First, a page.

Here's a bit more background, from my book:Screen Shot 2023-01-04 at 11.19.14 AM

Unlike a certain spy of the same name, went by “Jimmy” or “Jim” his entire life. 

The Twentieth Century would be known as the American Century, shaped by two cataclysmic wars and incredible technological advances -- from automobiles and airplanes to high-powered computers and a ubiquitous Internet -- and Bond would live through nine decades of it.

  The Bond family fortune was enormous, but for the youngster, it was ultimately far less significant than its location, Philadelphia, a city long known as the cradle of American ornithology. 

Thanks to such pioneer ornithologists as author-illustrator Alexander Wilson, the legendary John James Audubon, author John Cassin, and Academy of Natural Sciences founding member Thomas Say, Bond grew up in an environment where birds and natural history were revered.

 Jim Bond was born into a long line of U.S. Bonds that dates from as early as the 1600s.  His ancestors are said to include Thomas and Phineas Bond, who were among the founders of the American Philosophical Society, the University of Pennsylvania, and Pennsylvania Hospital.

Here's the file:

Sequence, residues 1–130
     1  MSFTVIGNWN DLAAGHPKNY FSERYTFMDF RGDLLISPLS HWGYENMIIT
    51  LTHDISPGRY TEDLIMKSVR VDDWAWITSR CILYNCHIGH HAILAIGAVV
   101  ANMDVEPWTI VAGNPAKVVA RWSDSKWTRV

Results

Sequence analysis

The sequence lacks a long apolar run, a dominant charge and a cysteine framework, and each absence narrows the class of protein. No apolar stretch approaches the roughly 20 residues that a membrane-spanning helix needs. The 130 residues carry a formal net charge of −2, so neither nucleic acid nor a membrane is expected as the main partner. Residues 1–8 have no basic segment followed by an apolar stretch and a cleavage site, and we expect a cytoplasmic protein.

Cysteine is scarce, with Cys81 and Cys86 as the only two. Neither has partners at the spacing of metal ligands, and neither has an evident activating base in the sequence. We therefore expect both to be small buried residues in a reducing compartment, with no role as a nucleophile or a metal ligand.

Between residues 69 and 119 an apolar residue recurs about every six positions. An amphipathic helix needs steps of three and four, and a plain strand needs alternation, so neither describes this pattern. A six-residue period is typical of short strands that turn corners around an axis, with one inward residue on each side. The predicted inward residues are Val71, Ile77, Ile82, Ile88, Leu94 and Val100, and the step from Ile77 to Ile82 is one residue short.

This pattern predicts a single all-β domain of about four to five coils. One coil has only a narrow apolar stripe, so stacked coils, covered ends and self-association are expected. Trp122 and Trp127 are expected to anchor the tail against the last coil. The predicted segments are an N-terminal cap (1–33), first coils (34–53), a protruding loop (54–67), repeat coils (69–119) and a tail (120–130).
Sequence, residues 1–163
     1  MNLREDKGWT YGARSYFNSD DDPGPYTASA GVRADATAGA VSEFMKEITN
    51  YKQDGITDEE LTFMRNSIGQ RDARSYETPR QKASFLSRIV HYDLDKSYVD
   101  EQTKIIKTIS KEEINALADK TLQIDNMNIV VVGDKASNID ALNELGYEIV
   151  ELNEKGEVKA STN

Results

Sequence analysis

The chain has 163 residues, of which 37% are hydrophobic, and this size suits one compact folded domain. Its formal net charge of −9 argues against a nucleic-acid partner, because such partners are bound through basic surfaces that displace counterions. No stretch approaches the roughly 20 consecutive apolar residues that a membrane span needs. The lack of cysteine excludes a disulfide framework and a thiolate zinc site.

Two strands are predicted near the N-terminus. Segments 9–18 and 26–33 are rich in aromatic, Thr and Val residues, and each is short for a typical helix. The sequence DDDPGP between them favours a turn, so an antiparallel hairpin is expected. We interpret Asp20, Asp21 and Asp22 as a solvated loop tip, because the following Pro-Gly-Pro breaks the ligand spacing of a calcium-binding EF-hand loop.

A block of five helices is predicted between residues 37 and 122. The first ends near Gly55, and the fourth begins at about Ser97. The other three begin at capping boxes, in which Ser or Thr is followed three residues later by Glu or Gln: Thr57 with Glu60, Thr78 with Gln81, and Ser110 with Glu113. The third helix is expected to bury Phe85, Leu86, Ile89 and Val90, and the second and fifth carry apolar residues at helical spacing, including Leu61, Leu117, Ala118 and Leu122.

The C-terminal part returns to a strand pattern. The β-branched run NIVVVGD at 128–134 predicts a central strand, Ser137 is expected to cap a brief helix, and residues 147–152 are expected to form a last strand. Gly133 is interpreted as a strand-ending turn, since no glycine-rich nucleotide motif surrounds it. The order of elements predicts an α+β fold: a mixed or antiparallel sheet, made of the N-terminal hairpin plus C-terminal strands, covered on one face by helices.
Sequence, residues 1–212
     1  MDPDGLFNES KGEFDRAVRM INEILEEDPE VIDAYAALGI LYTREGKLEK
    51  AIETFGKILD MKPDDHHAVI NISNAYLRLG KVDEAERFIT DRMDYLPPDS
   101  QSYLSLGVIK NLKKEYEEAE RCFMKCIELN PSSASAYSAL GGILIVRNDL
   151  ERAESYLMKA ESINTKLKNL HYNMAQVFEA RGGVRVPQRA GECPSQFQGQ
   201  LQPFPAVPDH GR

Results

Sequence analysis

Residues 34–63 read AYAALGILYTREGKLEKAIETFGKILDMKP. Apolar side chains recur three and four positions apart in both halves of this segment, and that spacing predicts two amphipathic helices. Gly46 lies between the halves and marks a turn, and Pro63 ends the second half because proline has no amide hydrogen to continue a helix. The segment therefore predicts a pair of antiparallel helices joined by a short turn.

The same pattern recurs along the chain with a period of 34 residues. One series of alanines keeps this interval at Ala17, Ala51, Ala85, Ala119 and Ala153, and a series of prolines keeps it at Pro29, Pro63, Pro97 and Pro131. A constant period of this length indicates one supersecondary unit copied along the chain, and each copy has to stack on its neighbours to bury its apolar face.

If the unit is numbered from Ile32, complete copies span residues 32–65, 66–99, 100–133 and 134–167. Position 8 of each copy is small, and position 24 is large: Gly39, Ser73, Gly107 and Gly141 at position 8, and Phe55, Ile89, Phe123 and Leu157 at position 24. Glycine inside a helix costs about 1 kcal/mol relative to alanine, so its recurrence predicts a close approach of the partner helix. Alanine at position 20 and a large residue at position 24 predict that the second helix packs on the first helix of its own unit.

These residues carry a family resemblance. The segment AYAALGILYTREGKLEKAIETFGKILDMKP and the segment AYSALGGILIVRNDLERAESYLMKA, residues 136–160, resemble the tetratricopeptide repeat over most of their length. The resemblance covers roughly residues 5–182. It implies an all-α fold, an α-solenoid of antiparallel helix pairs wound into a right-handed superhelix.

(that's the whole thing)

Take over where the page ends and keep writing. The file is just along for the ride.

Meeting Orlando Garrido Again

Jim with Orlando Garrido Barbara Retzlaff  IMG_3633I met with the legendary Cuban ornithologist Orlando Garrido in Havana for the first time since The Real James Bond came out and presented him with a copy of the book. I had interviewed him for the book back in 2016.

The visit was part of a birding tour with the Caribbean Conservation Trust, and the visit was one of the highlights.

In fact, the Caribbean Conservation Trust was the main reason I went to Cuba back in 2016. I saw that a visit with Orlando was part of the trip, and I really wanted to meet him after seeing the exchange of letters between Orlando and Jim Bond in the Academy if Natural Sciences archives.
Jim Bond was Orlando's stateside mentor, and Orlando has become a research associate for Bond's Academyof Natural Sciences -- a fitting honor for a living legend.

Orlando was wearing a BirdsCaribbean T-shirt featuring the endemic birds of Cuba.
We saw most of them on our 11-day trip.
(A big thank you to Barbara Retzlaff for taking the photo.)

A Nifty Ornithology Story